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6 Responses to “JOHN COLTRANE / “Africa””

Ms. Berry Says:
January 15th, 2006 at 1:02 pm

Sweet ‘Trane. I am in love with A Love Supreme and naturally Kind of Blue. I am still exploring this fascinating artist…would love to see more about him. Love the discussion…would like a little background about your personal connections.

spirit Says:
January 17th, 2006 at 5:07 pm

thank you for documenting our music. please save all of your blog entries in a safe place (read: get a portable extra hard drive). it seems to me you have the makings of an excellent book on black music and how it affects/affected members of two generations.

Jason Says:
January 18th, 2006 at 10:47 am

My favorite Trane track, this one has always been important for me because it was my first introduction to Eric Dolphy, and I think it is his presence (he was responsible for some of the arrangements) that give this piece its atmosphere (the elephants trumpeting for instance), and Elvin Jones work here sounds like a precursor of what Tony Allen later provided for Fela.

Lynn Says:
January 19th, 2006 at 10:27 am

As usual, every time I check in to BOL I get a music education and walk around for days afterward lamenting the lack of high school courses entitled “The Elephant and The Lion: Coltrane, Jones and Improvisational Dueling in Jazz Performance” or “Echoes of Africa: Music and Genetic Memory in the Black Diaspora.”

Keep on. And ditto what Spirit said about the book.

ekere Says:
January 19th, 2006 at 4:49 pm

This is one of my favorite Coltrane pieces. I actually like all of the interpretations. Each one does something different. Beautiful. Thanks! 🙂

one love,

AumRa Says:
January 20th, 2006 at 6:21 pm

Some of us buy airline tickets, others buy a dashiki or a bean pie. But when focus swings internally and the African within is reborn, love grows deeper and more purposeful. Who am I? From where did I come? Why am I here? For some, these eternal questions precede the in-breath, the need to be touched and the craving for food.

In 1961, two years after kicking a heroin and alcohol addiction, two years after recording, what would later become, two distinct, groundbreaking recordings (one at Carnegie Hall with Monk and Kind of Blue with Miles), John Coltrane recorded the music for his first recording for the, still in it’s infancy, Impulse label.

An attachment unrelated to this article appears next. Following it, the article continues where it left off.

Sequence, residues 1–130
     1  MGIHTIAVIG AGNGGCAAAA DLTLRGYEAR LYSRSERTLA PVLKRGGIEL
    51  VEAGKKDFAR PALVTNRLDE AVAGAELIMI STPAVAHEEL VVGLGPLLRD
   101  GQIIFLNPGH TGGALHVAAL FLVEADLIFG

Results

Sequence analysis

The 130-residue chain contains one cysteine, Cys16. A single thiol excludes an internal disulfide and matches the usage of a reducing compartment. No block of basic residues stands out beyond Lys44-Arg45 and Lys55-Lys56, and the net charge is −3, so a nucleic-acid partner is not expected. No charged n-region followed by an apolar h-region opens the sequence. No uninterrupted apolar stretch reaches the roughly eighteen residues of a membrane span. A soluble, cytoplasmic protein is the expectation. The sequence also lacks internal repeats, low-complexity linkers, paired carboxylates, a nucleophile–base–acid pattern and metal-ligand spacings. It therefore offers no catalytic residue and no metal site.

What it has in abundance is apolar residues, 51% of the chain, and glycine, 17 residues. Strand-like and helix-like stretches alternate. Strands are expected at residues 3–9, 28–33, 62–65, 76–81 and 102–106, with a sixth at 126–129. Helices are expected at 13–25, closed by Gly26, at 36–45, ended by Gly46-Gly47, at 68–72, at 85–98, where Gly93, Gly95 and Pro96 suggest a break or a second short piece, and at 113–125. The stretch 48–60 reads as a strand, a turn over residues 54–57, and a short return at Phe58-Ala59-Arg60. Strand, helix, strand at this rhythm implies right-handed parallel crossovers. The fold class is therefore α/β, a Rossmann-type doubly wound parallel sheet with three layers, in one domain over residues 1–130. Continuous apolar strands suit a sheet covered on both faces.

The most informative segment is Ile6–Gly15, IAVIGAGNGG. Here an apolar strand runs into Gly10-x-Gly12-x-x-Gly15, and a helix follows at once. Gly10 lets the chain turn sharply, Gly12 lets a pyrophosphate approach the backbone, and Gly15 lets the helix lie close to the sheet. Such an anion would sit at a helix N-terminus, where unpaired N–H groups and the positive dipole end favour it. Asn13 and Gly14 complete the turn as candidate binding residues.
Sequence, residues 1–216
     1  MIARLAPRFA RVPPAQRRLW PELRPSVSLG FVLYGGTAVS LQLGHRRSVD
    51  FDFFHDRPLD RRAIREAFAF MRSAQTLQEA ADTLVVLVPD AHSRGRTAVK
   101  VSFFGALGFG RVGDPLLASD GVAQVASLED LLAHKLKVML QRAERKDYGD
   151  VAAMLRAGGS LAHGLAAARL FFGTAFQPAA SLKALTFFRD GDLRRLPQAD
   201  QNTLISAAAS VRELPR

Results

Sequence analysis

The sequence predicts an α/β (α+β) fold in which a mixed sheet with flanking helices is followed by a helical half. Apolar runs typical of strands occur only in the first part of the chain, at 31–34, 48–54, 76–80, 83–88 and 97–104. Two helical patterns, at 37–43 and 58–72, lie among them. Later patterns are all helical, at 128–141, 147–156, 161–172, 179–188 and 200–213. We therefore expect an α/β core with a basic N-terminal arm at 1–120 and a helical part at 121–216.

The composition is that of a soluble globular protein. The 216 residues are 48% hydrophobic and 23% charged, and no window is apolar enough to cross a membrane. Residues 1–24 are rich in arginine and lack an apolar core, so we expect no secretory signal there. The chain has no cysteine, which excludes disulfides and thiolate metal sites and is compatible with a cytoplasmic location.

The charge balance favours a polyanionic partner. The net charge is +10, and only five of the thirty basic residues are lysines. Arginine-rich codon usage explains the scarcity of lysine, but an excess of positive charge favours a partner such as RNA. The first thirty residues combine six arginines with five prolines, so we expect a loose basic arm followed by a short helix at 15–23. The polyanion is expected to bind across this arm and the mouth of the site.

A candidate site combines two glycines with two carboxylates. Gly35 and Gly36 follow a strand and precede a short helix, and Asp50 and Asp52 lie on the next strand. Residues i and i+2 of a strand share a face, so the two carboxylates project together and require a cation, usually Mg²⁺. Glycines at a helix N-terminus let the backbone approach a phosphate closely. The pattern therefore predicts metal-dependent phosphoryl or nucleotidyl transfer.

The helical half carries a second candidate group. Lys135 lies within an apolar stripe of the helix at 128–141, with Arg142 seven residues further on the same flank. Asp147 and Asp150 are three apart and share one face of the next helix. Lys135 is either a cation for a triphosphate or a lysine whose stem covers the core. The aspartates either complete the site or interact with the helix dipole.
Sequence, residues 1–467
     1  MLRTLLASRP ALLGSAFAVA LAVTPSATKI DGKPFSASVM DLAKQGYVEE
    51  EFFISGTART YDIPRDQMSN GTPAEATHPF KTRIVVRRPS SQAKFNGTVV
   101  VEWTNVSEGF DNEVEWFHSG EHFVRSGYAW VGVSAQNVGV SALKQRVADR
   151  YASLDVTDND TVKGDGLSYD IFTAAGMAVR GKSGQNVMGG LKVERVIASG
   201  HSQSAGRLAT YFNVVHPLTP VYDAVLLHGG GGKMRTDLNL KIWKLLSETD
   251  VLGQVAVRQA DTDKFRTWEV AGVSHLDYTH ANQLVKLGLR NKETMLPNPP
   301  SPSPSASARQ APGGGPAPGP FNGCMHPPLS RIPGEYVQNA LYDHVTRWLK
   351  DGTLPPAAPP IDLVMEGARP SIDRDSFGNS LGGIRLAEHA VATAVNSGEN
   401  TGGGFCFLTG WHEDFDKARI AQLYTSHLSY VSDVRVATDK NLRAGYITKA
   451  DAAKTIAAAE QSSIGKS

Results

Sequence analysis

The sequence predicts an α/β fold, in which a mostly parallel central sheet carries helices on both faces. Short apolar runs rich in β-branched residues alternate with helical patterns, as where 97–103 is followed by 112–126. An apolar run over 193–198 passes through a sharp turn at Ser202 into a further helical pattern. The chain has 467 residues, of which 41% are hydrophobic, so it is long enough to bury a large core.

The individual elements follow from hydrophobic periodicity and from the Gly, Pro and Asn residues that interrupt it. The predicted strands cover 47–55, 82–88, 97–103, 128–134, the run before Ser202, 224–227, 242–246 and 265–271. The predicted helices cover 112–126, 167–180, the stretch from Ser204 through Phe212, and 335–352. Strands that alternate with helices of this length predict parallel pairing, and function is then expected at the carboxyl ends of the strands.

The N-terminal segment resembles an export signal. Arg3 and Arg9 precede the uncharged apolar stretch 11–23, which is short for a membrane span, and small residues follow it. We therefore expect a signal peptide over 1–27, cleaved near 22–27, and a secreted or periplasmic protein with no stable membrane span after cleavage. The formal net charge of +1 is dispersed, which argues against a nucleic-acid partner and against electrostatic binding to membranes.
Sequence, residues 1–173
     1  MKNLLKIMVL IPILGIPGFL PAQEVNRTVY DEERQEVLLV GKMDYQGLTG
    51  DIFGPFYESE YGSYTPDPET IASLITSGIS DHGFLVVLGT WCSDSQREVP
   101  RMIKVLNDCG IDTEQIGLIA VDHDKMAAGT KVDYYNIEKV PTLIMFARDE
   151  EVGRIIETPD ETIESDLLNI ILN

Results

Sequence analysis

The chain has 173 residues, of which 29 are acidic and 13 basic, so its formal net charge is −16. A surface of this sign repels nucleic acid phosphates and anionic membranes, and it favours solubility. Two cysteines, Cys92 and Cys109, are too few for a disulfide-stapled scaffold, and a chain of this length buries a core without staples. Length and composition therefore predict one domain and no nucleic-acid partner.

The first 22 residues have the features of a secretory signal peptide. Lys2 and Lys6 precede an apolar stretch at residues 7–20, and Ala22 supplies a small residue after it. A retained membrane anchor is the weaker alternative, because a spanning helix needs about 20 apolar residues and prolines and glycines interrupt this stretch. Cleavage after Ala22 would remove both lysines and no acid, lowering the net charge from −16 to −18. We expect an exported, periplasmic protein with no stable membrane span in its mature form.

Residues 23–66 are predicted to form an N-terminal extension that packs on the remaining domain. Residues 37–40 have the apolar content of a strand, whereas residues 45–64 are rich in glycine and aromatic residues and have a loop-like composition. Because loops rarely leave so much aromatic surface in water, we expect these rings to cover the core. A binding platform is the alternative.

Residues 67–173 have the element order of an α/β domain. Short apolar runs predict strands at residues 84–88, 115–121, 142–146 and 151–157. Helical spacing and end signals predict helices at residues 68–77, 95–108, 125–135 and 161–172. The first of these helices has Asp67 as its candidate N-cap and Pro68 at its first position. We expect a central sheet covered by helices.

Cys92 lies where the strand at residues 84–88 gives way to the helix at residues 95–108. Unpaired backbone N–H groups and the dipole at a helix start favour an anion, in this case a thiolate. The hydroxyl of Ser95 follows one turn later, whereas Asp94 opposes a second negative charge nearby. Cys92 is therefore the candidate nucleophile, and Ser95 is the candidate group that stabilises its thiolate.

Africa Brass is a stark contrast to the pastoral leisure and mint julep coolness of Porgy and Bess. There is a brass ensemble instead of strings. Eric Dolphy arrangements and not Gil Evans. This ain’t no homogenized interpretation of life on the plantation with a soundtrack of smiling sharecroppers singing. Metal is the element of Ogun and Africa Brass is a masculine sound. Africa Brass is a Black man’s oratory delivered without apology or compromise.

Everything about this recording is a celebration of triumph. The tempo of Song of the Underground Railroad is the engine that propels the recording. The rhythm section is the dynamo that sets the tempo. Elvin and McCoy playing with and off one another is almost like telepathic communication. Though stout in timbre the drum pulsates through the body of the song with an animation that is as vivacious as tradional dance in full tilt. The piano’s variation on the theme and deft use of chord placement displays a sophisticated econmy of expression. Wetting the appetite, McCoys’ comps fall delicately into the cracks of the piece as if from a great, all-knowing resevoir of awareness. Togehter, the duo compliment each other so completely, it’s like listening to one instrument. It is brilliantly clear that Jones (the tubman) and Tyner (the North Star) lead this ensemble with a fierce disregard for stragglers. The arrangement exudes strength and the joyous motion heard in the massive exodus of a strong people sure of victory in struggle. The trumpet is an heroic sound, the French horn is noble, the trombone and euphonium, muscular and the tuba is deep and supportive. No matter whether you are charging ahead or running away, the sound of Africa Brass is as urgent and groundbreaking as a stampeding rhinoceros. Moving with the precise dignity and sorrow of a dirge, The Damned Don’t Cry sings of tragedy. The track has a dense and complex chordal structure, which, on the surface, sounds dark but whose pulse hides an underlying brooding that compels us to check for vital signs of hope and strength in troubling situations. Listen to the composer’s and arranger’s use of voicing and cadences – especially at the end of phrases and definely the final chord. The damn don’t cry for they are far too strong and removed from such human frailties; they live to win wars not battles. On the title cut, Art Davis and Reggie Workman offer up a tandem pedal tone and bouncy call and response duet. McCoy follows with a rumbling tremolo in the lower register of the piano. The tension starts to build. Next – and this is where the true awareness of Eric Dolphy comes into play, the first note of the main theme is the fifth degree of the scale. The fifth degree is the sound of completion. Whereas, in the minor chord, the first degree is the tonic, the beginning or the foundation, next the minor third is the blue tone, the discord, that thing in the middle of the washing machine, finally fifth represents completion. To start on the fifth degree is sending a message; victory is assured. Africa Brass is a stron cultural statement, a Black code.

God asked Ogun to blaze a trail through the forest and Ogun responded by telling God, “It is already done.”

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